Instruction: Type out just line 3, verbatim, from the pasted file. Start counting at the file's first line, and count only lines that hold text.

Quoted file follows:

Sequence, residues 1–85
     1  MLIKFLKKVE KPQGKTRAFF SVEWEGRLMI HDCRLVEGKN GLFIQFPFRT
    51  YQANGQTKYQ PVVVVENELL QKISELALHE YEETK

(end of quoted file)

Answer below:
    51  YQANGQTKYQ PVVVVENELL QKISELALHE YEETK